Drawing on conceptual and methodological resources from game studies, media studies and cultural studies, “Material Allegories and Minecraft” investigates avenues for the reflexive critical play of mainstream video games. This project is set in Milieux, the largest interdisciplinary research unit in media arts and technology in Canada — an ideal environment for recruiting the best HQP for the team and disseminating the research to wider publics.
Despite the affordances of the video game industry and game design practices for deep and engaging immersive and interactive experiences, there is a persistent critique that video games offer less in terms of interpretive potential than other media. According to this logic, playing an “open-ended” video game offers less interpretive flexibility than the most linear novel. For this reason, video games are compelling for education and moral training, but their status as the most hegemonic of media forms remains largely unquestioned.
Rather than claiming that video games make procedural arguments, we argue that players can encounter a video game allegorically. In allegory, our assumptions about the literal meanings of some object or phenomena prove to be too convenient, and we have to put them into tension with more reflexive and provisional ideas. Just as we understand that video games are designed, and that design choices matter in terms of how games are experienced, we argue that the play of video games can be crafted. That is, games themselves are not allegories, but one can play a game allegorically. In effect this project challenges the basic idea that video games are texts to be interpreted hermeneutically. What we present instead is a theory of play and creation. We refer to forms of allegorical play in Minecraft as “the allegorical build.” This is the moment when people use their material experience while playing to think about a range of other things, even while those things are informing their experience of the game. As the most successful video game of all time with a user base of 200 million+, Minecraft is an ideal game for testing this proposition.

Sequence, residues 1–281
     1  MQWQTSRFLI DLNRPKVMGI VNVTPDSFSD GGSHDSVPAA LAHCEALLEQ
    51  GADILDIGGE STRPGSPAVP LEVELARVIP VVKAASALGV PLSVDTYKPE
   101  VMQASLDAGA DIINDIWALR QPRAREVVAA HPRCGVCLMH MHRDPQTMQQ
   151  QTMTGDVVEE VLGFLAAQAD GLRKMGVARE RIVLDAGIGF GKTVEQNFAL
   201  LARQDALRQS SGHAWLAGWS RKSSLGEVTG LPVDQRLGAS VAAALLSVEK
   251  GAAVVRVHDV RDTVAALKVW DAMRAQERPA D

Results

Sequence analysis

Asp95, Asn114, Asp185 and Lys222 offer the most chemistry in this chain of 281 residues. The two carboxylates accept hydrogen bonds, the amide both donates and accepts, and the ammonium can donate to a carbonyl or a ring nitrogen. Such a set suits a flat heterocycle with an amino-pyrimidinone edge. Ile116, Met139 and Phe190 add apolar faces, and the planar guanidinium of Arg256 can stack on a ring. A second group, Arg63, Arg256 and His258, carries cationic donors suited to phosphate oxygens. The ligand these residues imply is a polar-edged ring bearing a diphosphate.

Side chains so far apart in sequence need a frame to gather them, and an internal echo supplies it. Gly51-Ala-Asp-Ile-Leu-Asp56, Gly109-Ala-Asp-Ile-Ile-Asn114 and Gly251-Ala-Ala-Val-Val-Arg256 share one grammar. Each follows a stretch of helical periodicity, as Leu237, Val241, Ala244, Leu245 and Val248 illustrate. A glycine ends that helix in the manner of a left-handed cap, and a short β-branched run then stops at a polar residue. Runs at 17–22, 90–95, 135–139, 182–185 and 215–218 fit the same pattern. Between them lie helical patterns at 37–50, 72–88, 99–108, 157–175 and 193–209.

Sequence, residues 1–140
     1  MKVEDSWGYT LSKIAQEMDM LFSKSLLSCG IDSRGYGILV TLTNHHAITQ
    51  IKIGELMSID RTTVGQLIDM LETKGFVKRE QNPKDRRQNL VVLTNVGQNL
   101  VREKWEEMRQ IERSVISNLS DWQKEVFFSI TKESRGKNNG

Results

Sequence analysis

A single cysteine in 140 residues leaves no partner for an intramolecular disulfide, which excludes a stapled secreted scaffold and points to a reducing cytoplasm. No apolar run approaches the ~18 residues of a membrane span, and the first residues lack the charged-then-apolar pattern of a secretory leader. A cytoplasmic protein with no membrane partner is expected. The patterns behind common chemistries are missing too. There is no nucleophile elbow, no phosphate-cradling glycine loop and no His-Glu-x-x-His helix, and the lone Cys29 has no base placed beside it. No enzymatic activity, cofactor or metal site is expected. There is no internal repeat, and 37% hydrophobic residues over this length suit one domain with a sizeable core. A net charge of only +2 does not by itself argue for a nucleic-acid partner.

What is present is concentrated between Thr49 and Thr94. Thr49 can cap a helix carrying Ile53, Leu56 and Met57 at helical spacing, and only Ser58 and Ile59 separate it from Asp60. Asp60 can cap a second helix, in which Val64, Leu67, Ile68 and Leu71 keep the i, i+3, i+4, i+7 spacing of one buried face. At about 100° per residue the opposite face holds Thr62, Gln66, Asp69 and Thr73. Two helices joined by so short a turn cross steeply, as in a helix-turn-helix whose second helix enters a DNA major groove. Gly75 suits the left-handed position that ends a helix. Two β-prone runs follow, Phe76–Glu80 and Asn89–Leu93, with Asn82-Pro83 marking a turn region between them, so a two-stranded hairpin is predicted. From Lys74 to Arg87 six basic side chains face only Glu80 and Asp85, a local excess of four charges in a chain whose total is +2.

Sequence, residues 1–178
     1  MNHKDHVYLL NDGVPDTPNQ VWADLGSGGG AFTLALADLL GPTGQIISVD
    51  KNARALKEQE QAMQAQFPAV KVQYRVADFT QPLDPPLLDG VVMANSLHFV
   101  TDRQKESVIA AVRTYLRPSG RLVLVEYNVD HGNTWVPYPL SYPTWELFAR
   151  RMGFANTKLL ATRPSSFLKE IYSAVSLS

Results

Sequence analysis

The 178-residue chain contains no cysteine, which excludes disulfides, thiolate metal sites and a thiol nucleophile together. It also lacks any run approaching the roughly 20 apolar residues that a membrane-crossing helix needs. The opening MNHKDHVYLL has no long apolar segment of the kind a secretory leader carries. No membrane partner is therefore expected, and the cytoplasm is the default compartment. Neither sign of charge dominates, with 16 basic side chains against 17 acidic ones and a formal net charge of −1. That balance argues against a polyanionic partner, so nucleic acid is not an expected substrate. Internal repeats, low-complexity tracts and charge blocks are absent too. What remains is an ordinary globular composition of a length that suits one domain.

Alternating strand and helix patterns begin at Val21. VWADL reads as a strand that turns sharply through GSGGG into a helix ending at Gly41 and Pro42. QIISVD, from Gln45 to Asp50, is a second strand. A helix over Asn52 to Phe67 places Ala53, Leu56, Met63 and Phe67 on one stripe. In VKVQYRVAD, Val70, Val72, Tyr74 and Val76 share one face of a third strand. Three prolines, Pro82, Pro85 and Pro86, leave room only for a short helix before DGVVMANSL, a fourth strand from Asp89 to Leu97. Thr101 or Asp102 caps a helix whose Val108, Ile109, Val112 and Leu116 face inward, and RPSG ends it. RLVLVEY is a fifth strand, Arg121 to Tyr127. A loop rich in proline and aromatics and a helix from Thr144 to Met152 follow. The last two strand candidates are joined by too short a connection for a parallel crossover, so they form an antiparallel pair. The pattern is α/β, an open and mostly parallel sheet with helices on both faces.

- Develop the use of allegorical play theory to expand our understanding of player agencies and their critical potential
- Provide illustrative case studies of the critical potential of allegorical play developed by the research team and undergraduate students in a university course
- Consider game modding cultures as player-centric design practice allowing for the scaffolding of allegorical play; establish a methodology for academic modding as design
- Disseminate our findings through publicly accessible tools and accompanying educational materials, through partnerships with Minecraft Education, the modding community and scholars
Over four years, we will elucidate allegorical play through three interrelated case studies. The first study investigates the similarities between Minecraft and the post-WWII imagination of the future of leisure in Price and Littlewood’s Fun Palace. The second examines how Minecraft frames processes of accumulation and consumption as a form of play while drawing on allegorical play to facilitate counter-play or critical play. The third considers the application of the allegorical build to the imagining of Indigenous futures, in collaboration with the Aboriginal Territories in Cyberspace (AbTeC) group, extending their work to Minecraft to reframe the neocolonial procedural rhetoric of the game. The final year involves intensive work on two major research outputs: a documentary film and a co-authored book. In combination, these case studies will demonstrate the potential of allegorical play as a mode of critique and analysis of video games, advancing our methodological understanding.